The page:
Wednesday, February 29, 2012

Deluxe German Chocolate Cake

Deluxe German Chocolate Cake
Dorcas Annette Walker

There is always something relaxing each time I step inside the hen house to collect eggs. Invariably a couple at hens will be sitting in their nests brooding over a stash of eggs that I rob while the rest of the flock stays in a frenzy of activity around my feet hoping for some extra crumbs to fall their way. I admit I do spoil my dear hens considering I have to push their feathery bodies out of the way just to gather eggs that range in colors from dark brown to a pale cream (some plain, others speckled) interspersed with a few white eggs. I always make sure to thank my fat hens and praise their bounty, especially when a first small egg has been laid.

Every flock has a pecking order and scrawny Priscilla is the one at the bottom in mine. I can’t help but admire her grit. Regardless of the fact that her white feathers stay constantly in disarray, Prissy is always the first one to greet me diving in between and around the other hens, staying a beak length away from the rest trying to put her back in her place, while inquisitive dark eyes check me out. Even as the hens press closely around my feet Prissy refuses to give up hopping around on her long skinny legs doing all kinds of contortions to dodge the sharp beaks aimed in her direction in order to remain close by. So I was quite proud the other day to discover Priscilla’s first-laid perfectly formed tiny white egg about the size of a quarter. This bedraggled hen, whose lot in life has daily difficulties to overcome, inspires me not to give up when life throws a curve my way. If Prissy can fulfill her duty as a hen, I too can stay optimistic.

My Deluxe German Chocolate Cake is not something put together quickly. Instead it is a culinary masterpiece well worth the effort involved with its elegant 4-layers. Each bite is scrumptious delights of moist cake with caramel amidst toasted coconut and pecans topped by fuggy chocolate frosting. Preparation time for the Deluxe German Chocolate Cake is forty-five minutes (not counting baking or cooling time) and serves eighteen.

Deluxe German Chocolate Cake

1 chocolate cake mix
1½ c black coffee room temperature
3 eggs
2 c br sugar
1 c evaporated milk
2 tb butter
1½ c shredded toasted cocoanut
1½ c chopped toasted pecans
1 (16 oz) container of chocolate frosting

Combine the cake mix, coffee, and eggs beating on medium speed for two minutes. Pour the batter into two 9-inch round greased cake pans and bake for thirty-five minutes at 350º. Remove from pans, cover, and cool. In a small pan mix together the sugar, milk, and butter with a Wisk. Bring to a boil and cook for fifteen minutes stirring frequently until thickened and caramel colored. Fold in one cup of the cocoanut and pecans. Microwave the frosting for a minute or so until runny. Cut each cake layer in half. Divide the caramel mixture into thirds placing one third on the first layer and drizzling a thin layer of frosting on top. Do the same for the second and third layer. Completely cover the top layer with the rest of the frosting letting it run down the sides. Sprinkle on the rest of the cocoanut and pecans. Let sit for four hours at room temperature before slicing!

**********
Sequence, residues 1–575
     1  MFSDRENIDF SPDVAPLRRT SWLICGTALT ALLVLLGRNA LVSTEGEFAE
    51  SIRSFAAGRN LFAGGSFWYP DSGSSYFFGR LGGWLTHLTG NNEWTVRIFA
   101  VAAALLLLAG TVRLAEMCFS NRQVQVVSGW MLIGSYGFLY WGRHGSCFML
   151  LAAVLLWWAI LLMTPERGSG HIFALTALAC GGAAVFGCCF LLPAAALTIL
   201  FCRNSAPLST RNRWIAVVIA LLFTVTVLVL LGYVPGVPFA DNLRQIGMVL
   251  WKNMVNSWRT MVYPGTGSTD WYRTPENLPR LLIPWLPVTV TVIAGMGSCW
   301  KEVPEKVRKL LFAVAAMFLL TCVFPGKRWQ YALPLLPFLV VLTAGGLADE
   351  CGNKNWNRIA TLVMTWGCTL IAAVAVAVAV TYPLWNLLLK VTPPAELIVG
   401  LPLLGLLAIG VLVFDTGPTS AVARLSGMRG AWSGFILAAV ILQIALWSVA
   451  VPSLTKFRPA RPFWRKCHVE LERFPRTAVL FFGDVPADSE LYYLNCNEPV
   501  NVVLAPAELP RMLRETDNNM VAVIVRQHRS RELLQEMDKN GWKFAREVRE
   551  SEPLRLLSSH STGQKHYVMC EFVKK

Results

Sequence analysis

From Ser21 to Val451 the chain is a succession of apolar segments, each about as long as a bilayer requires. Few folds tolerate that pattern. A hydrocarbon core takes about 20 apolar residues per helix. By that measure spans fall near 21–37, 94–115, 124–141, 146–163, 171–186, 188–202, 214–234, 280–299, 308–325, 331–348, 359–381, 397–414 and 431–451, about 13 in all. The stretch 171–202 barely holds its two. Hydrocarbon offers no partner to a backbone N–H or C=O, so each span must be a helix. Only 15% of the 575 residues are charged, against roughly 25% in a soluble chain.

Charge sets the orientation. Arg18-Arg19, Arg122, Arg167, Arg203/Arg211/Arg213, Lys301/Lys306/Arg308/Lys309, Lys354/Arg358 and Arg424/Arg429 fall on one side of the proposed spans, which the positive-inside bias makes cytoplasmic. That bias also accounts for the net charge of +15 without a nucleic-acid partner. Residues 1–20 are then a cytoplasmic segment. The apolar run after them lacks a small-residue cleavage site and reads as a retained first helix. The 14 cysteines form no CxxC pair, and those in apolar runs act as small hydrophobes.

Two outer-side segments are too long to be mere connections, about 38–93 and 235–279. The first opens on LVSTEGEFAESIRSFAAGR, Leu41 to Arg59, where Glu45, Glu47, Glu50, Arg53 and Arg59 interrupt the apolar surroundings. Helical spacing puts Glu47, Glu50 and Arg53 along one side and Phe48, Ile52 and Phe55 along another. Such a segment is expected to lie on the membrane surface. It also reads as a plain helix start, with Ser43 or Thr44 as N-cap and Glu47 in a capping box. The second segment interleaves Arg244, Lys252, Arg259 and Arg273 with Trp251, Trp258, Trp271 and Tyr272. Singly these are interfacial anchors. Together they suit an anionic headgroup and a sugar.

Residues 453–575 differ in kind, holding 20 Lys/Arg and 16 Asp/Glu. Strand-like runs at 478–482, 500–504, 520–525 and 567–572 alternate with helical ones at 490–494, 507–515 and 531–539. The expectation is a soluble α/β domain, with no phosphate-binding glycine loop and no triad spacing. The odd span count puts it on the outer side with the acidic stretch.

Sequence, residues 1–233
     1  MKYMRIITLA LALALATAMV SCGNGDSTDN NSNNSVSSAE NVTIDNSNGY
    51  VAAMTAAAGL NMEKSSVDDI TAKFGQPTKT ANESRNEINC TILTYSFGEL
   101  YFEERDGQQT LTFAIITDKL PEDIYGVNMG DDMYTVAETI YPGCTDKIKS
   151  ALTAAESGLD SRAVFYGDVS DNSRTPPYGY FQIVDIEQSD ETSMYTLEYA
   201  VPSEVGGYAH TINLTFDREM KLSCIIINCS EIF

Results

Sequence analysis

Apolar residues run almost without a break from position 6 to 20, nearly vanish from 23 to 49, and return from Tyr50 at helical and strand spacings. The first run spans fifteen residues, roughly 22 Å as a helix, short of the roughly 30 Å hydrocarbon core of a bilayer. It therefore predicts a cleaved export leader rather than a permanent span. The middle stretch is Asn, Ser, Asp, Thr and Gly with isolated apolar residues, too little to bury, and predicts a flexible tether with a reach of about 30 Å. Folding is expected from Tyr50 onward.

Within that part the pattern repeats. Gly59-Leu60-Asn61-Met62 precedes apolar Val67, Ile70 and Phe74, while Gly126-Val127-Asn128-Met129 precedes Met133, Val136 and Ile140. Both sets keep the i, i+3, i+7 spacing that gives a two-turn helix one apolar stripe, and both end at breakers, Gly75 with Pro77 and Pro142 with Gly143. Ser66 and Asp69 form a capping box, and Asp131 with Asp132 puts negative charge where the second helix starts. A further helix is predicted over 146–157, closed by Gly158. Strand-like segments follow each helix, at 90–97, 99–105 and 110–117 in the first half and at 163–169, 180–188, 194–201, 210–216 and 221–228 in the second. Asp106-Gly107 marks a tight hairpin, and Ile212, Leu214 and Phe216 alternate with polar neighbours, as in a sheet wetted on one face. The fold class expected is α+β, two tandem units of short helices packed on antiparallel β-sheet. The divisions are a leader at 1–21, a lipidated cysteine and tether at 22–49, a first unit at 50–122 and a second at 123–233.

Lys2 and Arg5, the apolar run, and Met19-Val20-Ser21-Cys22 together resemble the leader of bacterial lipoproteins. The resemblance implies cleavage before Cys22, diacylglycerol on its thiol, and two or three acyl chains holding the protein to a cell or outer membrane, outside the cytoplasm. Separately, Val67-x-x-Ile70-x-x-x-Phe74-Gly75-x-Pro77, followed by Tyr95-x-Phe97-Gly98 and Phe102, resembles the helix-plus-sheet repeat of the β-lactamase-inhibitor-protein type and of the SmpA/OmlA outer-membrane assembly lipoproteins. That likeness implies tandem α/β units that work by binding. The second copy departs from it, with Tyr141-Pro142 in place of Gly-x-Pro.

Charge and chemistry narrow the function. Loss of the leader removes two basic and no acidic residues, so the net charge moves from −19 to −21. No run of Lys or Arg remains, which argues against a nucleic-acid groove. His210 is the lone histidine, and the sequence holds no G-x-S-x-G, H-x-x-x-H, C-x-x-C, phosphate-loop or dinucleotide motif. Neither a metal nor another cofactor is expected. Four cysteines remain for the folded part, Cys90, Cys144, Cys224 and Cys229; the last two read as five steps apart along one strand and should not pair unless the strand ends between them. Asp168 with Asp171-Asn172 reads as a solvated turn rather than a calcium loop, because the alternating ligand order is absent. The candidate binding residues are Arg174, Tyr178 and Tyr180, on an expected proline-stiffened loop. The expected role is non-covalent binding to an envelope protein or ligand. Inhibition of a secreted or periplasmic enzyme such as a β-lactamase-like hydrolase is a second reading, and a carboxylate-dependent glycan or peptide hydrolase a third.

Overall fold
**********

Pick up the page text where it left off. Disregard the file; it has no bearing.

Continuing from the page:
Weekly tip: Toasting nuts brings out their rich flavor. A quick way to do this instead of using the oven is by placing the nuts in a bowl, microwave on high for one minute, stir, and microwave at thirty second intervals for another minute or two (stirring each time) until the nuts are fragrant and golden!

Dorcas Annette Walker is a published author, columnist, speaker, freelance magazine writer, and photographer from Jamestown, Tennessee. Contact her at: For more recipes check out her Creative Tennessee Mountain Cookin blog at:

Thursday, February 23, 2012

Double Chocolate Malt Brownies

Double Chocolate Malt Brownies
Dorcas Annette Walker

To any chocaholic there is only one way to celebrate and that is by some form of chocolate with the rule of thumb being the more the better. So hang on as we indulge in more chocolate recipes for the rest of the month. After all I did manage to make it for five weeks (with the help of my leftover Christmas chocolate candy) in the New Year before I gave a chocolate recipe. I can’t remember the first time I tasted a chocolate covered malt ball, but I was instantly hooked with the unique combination of malt and chocolate as anything covered in chocolate is wonderful…uh, within reason of course.